Although as I say I am very grateful to Paul for his offer to cut one out for me and looking at the example posted by Heather Kay on Western Thunder, it would have been of a much higher fidelity than my first effort has achieved but it’s a skill learned and Paul’s help has helped me to make sense of GA’s which has previously eluded me – all the lines blurring into a shapeless mass. Another skill which will only improve with practice and should translate into better quality models at the end of it.

Ian Kirk Diagram 105/125 Twin Set

This weekend saw much progress on the Twin set.

Timely posting of a photo of the brake end allowed me to cut the windows while the end was in the flat and then both coach bodies were assembled.

Kirk Twin Art – Diag 125

Kirk Twin Art – Diag 125

Kirk Twin Art – Diag 105

Kirk Twin Art – Diag 105

I also blanked of the inner ends by filling the holes for the buffers and coupling hooks and then overlaid a piece of 20 thou to form a solid foundation for the shared bogie pivot.

Kirk Twin Battery Box modifications

Lastly I made a start of building up/detailing the battery boxes (although there are five I only need four for this job). Next I need to cut out the end straps with the silhouette because I have run out.

A spring in the step,  or should that read, “some steps with the springs” (groan!)

 
We started with this.
 

Gladiator J6 – Replacement Ragstone Springs

 
I then patiently cut that down to get these separate pieces
 

Gladiator J6 – Loco spring modifications`

 
What I am aiming for is a 3D profile of these
 

Gladiator J6 – Replacement Ragstone Springs

 
Then I started to re-assemble them – and to misquote Eric Morecambe, all the right bits but not necessarily in the right order….
 

Gladiator J6 – Loco spring modifications -part 2

 
Monday evening should see them ready to fit (I hope!)

More Juice on the J6

Further progress has the chassis together and ready for the fitting of the hornblocks. 

Despite the quite substantial frames there was still a bit of flex in between the two main spacers and the rear one which is just soldered to the top left the bottom of the chassis with a tendency to splay outwards. To get over this I have temporarily soldered a third frame spacer (labeled motor spacer in and I also cut one of the wider frame spacers down and soldered it upright to take out the splay at the rear. 

As is comes there are three sets of spacers, marked from when it was blown up from a 4mm kit 00 gauge, EM gauge and P4 I am using the EM gauge spacers as a compromise between getting int to go around 5′ curves and having having sufficient room to fit the inside motion.

 

Gladiator J6 – Loco Chassis

Gladiator J6 – Loco Chassis

Before I go any further I am going to rework the springs and fit them before adding the Horn guides.

Gladiator J6 back on the Bench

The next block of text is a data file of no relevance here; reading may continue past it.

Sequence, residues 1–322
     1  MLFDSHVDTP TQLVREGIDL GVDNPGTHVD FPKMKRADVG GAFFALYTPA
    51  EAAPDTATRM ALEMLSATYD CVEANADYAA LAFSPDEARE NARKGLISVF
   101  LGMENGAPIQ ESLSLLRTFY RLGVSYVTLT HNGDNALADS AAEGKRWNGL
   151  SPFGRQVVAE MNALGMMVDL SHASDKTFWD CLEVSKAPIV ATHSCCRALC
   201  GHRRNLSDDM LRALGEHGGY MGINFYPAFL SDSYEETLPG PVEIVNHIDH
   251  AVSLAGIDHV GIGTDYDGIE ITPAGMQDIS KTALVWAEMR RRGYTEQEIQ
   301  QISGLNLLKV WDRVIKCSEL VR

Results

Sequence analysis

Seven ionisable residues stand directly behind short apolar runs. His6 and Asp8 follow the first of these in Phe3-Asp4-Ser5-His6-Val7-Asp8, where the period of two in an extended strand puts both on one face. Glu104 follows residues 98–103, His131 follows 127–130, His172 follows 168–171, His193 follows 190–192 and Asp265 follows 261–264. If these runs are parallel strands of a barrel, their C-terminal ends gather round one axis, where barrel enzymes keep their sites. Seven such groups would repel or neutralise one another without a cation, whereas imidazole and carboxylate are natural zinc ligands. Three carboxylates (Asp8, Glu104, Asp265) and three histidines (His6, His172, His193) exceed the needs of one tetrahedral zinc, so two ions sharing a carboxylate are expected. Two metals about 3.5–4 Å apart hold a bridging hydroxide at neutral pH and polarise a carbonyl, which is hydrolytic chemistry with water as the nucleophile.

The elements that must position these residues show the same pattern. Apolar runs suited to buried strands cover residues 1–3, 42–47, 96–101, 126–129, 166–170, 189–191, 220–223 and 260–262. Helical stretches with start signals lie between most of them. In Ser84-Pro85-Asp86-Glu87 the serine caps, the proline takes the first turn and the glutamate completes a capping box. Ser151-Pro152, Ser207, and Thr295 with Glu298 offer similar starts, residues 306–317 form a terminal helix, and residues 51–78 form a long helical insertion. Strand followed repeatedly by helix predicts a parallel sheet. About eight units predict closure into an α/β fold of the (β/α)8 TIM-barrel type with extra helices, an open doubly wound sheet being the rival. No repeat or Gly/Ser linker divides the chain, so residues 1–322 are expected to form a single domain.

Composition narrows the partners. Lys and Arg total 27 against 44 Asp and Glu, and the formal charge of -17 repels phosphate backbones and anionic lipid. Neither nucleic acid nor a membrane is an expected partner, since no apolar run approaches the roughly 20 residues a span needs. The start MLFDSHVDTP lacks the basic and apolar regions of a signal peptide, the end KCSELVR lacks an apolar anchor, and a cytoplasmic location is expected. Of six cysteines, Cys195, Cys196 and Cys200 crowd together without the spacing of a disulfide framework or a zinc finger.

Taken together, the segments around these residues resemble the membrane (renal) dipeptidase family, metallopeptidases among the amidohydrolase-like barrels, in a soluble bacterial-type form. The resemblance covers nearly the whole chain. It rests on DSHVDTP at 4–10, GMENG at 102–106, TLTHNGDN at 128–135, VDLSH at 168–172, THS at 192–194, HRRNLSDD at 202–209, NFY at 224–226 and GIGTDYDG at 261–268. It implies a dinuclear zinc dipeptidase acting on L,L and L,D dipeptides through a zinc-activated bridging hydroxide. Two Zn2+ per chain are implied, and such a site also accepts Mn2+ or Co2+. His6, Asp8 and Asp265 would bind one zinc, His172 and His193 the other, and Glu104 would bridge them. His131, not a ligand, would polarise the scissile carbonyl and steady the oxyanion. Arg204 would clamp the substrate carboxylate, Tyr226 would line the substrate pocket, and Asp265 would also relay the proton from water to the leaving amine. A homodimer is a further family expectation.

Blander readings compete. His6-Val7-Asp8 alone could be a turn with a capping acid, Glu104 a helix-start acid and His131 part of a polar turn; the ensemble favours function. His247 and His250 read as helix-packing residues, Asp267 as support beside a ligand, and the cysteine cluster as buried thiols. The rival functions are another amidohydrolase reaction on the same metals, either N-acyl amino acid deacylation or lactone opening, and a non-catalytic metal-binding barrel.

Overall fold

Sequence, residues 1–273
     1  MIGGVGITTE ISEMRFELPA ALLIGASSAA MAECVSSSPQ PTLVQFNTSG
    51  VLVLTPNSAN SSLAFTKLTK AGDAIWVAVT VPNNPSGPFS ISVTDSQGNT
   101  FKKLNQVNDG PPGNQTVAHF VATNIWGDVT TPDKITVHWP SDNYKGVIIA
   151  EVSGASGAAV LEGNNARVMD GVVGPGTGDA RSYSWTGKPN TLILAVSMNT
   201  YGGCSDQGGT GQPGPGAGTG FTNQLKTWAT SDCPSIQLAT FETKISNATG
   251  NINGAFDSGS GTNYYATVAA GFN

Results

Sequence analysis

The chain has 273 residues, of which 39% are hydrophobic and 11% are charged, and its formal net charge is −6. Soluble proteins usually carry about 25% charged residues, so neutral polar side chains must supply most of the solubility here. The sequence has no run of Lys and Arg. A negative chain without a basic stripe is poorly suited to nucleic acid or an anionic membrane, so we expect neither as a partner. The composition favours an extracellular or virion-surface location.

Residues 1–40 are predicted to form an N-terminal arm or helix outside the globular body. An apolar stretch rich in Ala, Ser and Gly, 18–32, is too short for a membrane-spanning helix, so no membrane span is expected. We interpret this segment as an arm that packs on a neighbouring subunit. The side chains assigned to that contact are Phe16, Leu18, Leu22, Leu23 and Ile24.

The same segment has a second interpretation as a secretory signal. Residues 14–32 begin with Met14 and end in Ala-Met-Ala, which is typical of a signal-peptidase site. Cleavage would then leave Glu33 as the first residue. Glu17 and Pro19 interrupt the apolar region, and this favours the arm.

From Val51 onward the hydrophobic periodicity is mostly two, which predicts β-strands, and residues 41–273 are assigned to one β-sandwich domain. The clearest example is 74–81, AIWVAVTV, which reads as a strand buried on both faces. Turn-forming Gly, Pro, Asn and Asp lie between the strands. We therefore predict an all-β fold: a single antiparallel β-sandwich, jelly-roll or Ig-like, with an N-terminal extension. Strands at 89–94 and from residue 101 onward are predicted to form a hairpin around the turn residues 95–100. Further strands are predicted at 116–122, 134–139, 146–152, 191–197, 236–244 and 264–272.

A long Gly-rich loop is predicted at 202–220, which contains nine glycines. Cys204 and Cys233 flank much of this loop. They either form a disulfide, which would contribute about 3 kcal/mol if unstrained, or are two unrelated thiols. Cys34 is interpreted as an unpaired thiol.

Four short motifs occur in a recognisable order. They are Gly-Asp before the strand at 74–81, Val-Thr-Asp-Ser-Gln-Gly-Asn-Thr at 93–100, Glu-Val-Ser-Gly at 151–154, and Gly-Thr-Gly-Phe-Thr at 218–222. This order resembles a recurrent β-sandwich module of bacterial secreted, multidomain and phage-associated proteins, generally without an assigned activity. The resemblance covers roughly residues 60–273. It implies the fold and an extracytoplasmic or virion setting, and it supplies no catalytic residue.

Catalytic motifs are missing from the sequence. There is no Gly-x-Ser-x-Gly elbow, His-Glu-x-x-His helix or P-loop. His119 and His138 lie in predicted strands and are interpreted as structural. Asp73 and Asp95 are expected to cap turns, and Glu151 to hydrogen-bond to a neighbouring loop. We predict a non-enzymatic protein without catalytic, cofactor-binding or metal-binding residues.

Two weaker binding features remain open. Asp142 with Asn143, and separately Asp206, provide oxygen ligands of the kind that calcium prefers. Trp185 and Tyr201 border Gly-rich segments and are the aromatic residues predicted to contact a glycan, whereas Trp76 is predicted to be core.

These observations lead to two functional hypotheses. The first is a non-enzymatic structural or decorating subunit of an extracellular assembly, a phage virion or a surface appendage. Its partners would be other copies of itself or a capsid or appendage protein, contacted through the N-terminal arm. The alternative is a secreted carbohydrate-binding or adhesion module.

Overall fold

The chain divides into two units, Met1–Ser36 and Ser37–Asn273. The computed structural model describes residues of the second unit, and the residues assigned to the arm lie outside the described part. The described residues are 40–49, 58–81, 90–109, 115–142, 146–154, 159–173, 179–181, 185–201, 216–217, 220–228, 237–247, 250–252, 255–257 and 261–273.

As mentioned in my previous post a lack of time and energy has allowed me to do a few small jobs on the J6 that didn’t require anything that wasn’t therapeutic.

Although David had advised that it wouldn’t be available until March it was a pleasant surprise when an email suggested that it could be collected at Bristol show. Warren Haywood very kindly collected it for me, so the build has resumed. Perversely I have decided not to start with the tender but to get the loco frames done next – it’s to have working inside motion.

Parts of the etches do show their age and so it is with the loco springs which are a very basic etch. My client has asked me to build it as if it were for me so I have the discretion to obtain replacements for anything that I think could be improved upon.

The Hornblocks are Finney and were from stock so I will need to pick up some replacements for them from the Guys when I see them next.

Gladiator J6 – Loco Frames and Finney Horn Blocks

The spring castings are from Andy Beaton (@demu1037) at Ragstone Models and will be modified to make them look more like the J6 springs before fitting.

Gladiator J6 – Replacement Ragstone Springs

A Ventilated Diversion….

Alongside progressing the Kirk twinset (all three bogies are now to the same stage) I have also put together and painted/weathered an ex LMS Steel bodied Ventilated van.
It still needs couplings and some further work before I will have achieved my aim but I am pleased with progress so far.

Parkside LMS Steel Bodies Vent Van (Diag D1828)

Parkside LMS Steel Bodies Vent Van (Diag D1828)

Parkside LMS Steel Bodies Vent Van (Diag D1828)

Parkside LMS Steel Bodies Vent Van (Diag D1828)

Parkside LMS Steel Bodies Vent Van (Diag D1828)

Parkside LMS Steel Bodies Vent Van (Diag D1828)

Parkside LMS Steel Bodies Vent Van (Diag D1828)

More improvements to Kirk Bogies

When fellow modellers came along to see me when I was demoing at Pontefract show, the parts that I was cutting were some brakes for my Kirk coach bogies

Once glued together (5 layers) they came out looking like this.
Apologies for the poor photo, white on white isn’t the best combination
 

Silhouette cut brakes for Kirk Bogies

 
The demo must have been well received because I have also been asked to demo at Telford as well as Doncaster this year.
 
Not much modelling got done last week due to having a busy week compounded by minor surgery, but over the weekend the Mojo returned and I made progress on the twinset.
 

Scratch built Bolster Springs for Kirk Bogies

 
The first bogie now has it’s bolster springs an I have the parts prepared to fit to the other two. I did end up having to remove the bolster frame to fit the springs so a lesson learned.
 
I also managed to get three of the ends attached to their respective sides. The fourth one needs cutting down for the narrower brake end.

Ragstone Models GER Wool Wagon

I managed to move an even longer term inhabitant of the workbench a bit closer to the finish line this weekend.

 
I first built the basic kit back in May 2015 but I have only just got around to finishing the transfers. At the time Adrian Marks advised me that at grouping these ended their days in departmental service and as such never received LNER livery, hence this one will be finished in a very scabby GER livery.
 

Ragstone Models GER Wool Wagon

Ragstone Models GER Wool Wagon

Ragstone Models GER Wool Wagon

Ragstone Models GER Wool Wagon

Ragstone Models GER Wool Wagon

Ragstone Models GER Wool Wagon